Kodoku (蠱毒, worm toxin), also called kodō (蠱道, worm path), kojutsu (蠱術, worm technique), and fuko (巫蠱, divination worm) is a type of poisonous magic found in Japanese folklore. It is the Japanese derivative of the Chinese Gu magic.
To create kodoku, sorcerers would mix several insects in a jar, and let them kill one another until only one survived. The fluids of the insect that survived would be used to poison an individual with a curse that would control them, cause them misfortune, or kill them. The remaining insect could also be used as a sort of "luck charm" granting the one who performed the ritual great wealth. In return the owner is supposed to feed the bug. Neglecting to do so would enrage the insect, if the owner does not equivalently repay the insect by placing all his or her riches beside a road, plus interest in gold and silver, the insect would devour the home owner. Therefore, this ritual could also be used as a death curse by giving the riches to an ignorant individual. The term "kodoku" can also be applied to the spirit which is the incarnation of this particular magic (which usually appears in the shape of a worm or other animal). The technique was used in the Nara Period.
- The technique plays an important role in the first part of the 1985 historical fantasy novel Teito Monogatari. The protagonist Yasunori Katō is a master of kodoku magic and uses it to manipulate his victims. The spirit is represented as an insectoid worm (腹中虫, fukuchu-mushi) which lives in the stomach of the victim.
- The term "spiritual kodoku" is used in the anime Ghost Hunt for a curse technique in which spirits are trapped like insects are in traditional kodoku practice. A dominant spirit devours the weaker spirits until it has enough power to kill the target of the curse. The only way to stop the curse is to "feed" the spirit as compensation.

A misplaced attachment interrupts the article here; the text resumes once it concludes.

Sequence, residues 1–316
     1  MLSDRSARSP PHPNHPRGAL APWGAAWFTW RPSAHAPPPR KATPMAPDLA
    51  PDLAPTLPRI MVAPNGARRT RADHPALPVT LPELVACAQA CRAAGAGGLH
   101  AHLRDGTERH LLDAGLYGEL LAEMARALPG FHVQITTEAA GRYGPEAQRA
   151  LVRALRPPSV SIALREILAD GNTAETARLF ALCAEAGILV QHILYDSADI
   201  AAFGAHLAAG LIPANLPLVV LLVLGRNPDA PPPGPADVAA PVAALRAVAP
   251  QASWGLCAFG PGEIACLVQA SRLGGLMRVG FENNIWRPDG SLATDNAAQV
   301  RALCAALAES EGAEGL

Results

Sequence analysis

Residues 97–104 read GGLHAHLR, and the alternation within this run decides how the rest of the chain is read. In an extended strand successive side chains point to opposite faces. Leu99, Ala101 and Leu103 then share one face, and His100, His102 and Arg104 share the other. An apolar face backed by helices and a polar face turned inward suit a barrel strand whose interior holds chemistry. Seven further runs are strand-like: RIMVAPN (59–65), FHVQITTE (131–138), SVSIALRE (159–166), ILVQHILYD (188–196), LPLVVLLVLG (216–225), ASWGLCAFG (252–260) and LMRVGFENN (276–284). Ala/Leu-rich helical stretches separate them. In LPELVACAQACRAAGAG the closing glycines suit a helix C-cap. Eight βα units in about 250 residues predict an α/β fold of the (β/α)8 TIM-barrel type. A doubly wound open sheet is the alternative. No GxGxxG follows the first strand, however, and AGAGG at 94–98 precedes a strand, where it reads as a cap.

- In InuYasha the main antagonist Naraku creates a kodoku inside a mountain to gather and merge hundreds of yōkai to form a new body for himself.
- Kodoku Experiment is a science fiction manga from Yukinobu Hoshino where a kodoku is being created on a planet filled with ferocious monsters.
- Kodoku is used in the anime Fushigi Yûgi (Episode 18) as a drug to change the personality of one of the major protagonists, Tamahome.
- The Kagewani from the anime of the same name is a shadow creature that was created through kodoku using several different animals instead of insects.
- In Ōsama Game: Kigen, a manga prequel of Ōsama Game, the culprit behind a murderous game is subsequently revealed to be a virus, created through kodoku by Natsuko Honda's ancestors.
- The idea of Kodoku is a central motif to the plot of the manga BIOHAZARD Heavenly Island, where it is used by the main antagonists to develop a new B.O.W.
- In the Web Novel Re:Monster, Kodoku is used by the main protagonist as a method to create a more powerful army, from pitching lots of different summoned creatures against each other inside a hole, and letting them "evolve" by themselves.
- Kunimitsu, Kawamura. "Tsukimono." Encyclopedia of Shinto. http://eos.kokugakuin.ac.jp/modules/xwords/entry.php?entryID=792
- "Jaki ni Ochita Kikyō to Inuyasha" 邪気に落ちた桔梗と犬夜叉 [Kikyo and Inuyasha, Into the Miasma]. Inuyasha. Season 2. Episode 5 (in Japanese). June 25, 2001.